As diverse a city as there is in the world, Bangkok embraces the full spectrum of influences that reside within. With that diversity, however, comes a wide range of the human experience. Everything from subliminal joys to soul crushing lows can be experienced or observed in this intriguing city. Today, we take a look at a walk down Bangkok streets, as well as getting around the city using various means of transportation.
Walking the Streets
The streets of Bangkok are very similar to that of New York and other international cities, tightly packed and constantly in motion. People of many different cultures swirl around you moving in every direction. Making things more difficult are the endless rows of make-shift tables and displays where locals sell almost anything conceivable, knock-off goods, trinkets, sex toys, tasers, an of course, street food. For every booth selling fake Polo’s, Buddha figurines, or Viagra, there are an equal number of carts selling fried meat and insects on a stick. You can count on seeing someone eat a fried scorpion kabob within your first few hours of landing.
Like NYC and any other international city, you will pass people of every different nationality waling on the streets in Bangkok. Within the span of a few blocks, you will almost certainly run into Germans, Chinese, Australians, Japanese, Korean, Indian, and even a few Americans.
The locals, who are all selling their various wares, from their street-side fold-out displays or their single-story ground level shop, tend to be very aggressive in their efforts for your attention. Constantly calling out in Thai or broken English, they know you have money that you want to spend and they want nothing more for you to spend it with them. Many will walk right into your path, ask you multiple times, and even grab your arm to get your attention. For me, it required a period of adjustment, as I’m used to at least acknowledging most people I see with a nod or something similar, but here that is an invitation to be solicited.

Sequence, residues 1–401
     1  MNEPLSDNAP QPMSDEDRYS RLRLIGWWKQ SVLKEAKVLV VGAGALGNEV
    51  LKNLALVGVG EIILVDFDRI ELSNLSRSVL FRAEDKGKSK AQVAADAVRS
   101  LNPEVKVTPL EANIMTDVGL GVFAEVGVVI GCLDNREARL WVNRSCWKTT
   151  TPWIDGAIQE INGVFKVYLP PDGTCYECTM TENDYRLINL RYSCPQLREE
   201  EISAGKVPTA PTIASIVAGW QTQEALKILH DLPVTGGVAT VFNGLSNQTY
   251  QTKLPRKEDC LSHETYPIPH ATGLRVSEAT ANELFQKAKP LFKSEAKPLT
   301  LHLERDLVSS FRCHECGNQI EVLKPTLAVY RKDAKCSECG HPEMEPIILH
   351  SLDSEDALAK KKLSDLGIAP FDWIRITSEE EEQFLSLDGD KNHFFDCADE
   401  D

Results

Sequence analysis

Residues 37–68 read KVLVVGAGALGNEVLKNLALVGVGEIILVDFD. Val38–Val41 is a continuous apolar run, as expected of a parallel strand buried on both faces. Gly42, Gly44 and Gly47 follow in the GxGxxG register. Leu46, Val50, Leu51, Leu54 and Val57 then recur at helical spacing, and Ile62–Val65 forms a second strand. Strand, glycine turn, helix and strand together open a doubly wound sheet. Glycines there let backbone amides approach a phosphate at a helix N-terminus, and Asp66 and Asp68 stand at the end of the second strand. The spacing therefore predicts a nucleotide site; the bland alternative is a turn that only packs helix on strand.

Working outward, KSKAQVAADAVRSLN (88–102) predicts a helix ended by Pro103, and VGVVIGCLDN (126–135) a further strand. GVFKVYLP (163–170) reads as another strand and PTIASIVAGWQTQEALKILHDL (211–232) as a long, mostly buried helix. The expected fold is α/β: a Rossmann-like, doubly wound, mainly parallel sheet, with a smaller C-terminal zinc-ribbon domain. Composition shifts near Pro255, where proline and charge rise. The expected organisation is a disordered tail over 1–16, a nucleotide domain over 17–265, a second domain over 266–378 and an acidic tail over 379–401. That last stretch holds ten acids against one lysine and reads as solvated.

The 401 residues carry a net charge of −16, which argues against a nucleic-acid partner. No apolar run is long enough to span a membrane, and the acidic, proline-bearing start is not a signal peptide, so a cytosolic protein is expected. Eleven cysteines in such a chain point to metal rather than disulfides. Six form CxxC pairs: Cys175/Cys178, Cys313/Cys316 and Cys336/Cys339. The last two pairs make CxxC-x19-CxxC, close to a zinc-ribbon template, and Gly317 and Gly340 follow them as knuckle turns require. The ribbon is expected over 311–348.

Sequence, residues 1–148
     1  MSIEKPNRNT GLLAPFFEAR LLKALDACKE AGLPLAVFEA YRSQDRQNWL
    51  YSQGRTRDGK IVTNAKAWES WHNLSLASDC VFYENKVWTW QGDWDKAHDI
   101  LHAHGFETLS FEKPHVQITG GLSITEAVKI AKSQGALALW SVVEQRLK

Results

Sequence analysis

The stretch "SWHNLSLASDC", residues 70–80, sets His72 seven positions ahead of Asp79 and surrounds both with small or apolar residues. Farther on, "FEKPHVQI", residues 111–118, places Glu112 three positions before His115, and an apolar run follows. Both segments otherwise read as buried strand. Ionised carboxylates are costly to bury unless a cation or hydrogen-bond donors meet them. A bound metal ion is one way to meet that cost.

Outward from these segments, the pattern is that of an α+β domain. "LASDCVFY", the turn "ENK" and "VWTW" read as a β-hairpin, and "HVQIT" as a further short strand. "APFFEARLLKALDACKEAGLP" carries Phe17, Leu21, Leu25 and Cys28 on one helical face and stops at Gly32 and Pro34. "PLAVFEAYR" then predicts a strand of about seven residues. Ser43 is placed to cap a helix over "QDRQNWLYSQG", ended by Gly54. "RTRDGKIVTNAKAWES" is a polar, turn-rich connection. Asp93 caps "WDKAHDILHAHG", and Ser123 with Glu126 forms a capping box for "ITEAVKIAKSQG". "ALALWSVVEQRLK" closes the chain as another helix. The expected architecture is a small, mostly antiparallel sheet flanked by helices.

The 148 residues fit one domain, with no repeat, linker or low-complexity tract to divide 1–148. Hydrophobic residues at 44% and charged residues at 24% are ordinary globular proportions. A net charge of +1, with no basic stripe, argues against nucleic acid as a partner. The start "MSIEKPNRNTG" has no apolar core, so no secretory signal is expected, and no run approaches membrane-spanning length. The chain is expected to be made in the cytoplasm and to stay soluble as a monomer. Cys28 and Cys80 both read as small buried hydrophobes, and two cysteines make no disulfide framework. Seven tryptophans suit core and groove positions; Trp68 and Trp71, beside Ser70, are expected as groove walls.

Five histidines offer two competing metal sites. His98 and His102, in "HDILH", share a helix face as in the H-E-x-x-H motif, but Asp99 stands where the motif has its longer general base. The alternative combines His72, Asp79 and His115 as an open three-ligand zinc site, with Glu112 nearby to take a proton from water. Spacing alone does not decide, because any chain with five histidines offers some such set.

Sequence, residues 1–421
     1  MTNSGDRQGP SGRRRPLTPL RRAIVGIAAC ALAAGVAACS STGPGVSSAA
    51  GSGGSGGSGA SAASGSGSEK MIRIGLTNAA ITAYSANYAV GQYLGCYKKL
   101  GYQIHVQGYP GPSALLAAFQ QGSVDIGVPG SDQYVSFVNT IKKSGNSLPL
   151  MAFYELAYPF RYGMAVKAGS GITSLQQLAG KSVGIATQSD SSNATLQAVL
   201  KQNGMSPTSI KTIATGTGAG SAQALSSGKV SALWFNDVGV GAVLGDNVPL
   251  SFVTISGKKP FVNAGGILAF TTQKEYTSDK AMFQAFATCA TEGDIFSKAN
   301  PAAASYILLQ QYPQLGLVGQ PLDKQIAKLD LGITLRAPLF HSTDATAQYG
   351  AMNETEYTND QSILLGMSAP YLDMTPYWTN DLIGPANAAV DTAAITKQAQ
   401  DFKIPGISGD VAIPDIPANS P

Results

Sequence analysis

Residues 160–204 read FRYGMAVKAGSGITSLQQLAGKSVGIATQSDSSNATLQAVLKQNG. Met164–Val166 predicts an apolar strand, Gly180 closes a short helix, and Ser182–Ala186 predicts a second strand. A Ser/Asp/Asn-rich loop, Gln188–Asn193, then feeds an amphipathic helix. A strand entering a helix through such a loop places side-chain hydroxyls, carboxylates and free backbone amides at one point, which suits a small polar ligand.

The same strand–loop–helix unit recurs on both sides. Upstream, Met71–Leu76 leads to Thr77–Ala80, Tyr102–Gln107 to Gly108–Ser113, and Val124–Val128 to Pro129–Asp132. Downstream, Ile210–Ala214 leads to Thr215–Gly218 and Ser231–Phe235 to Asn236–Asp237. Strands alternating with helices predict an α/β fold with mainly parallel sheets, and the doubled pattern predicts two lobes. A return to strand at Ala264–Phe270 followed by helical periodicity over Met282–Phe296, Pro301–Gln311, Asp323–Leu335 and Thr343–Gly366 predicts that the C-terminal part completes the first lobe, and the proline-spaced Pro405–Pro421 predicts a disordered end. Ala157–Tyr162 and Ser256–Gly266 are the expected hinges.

However, with so many people selling similar items is such a dense area, it keeps most sellers honest. If your fried fish isn’t as good as they guy’s half a block away, you’ll get put out pretty quick. Most of the street food is prepared in front of you, and as long as you use some common sense you should be OK sampling different foods. There are a great deal of options, and most of it is very affordable, so don’t be shy about trying new and unique foods.
As with any other city this size (8 million in the city limits), walking the streets has a certain element for risk. While we never saw anything alarming, such as a theft or physical violence, I had the feeling that the line between that world and the less desirable one is very thin. The feeling of being watched is a very pervasive one on the streets. Many locals see you as a business transaction (and know about enough English to conduct that process), and I was wary of stepping outside that boundary.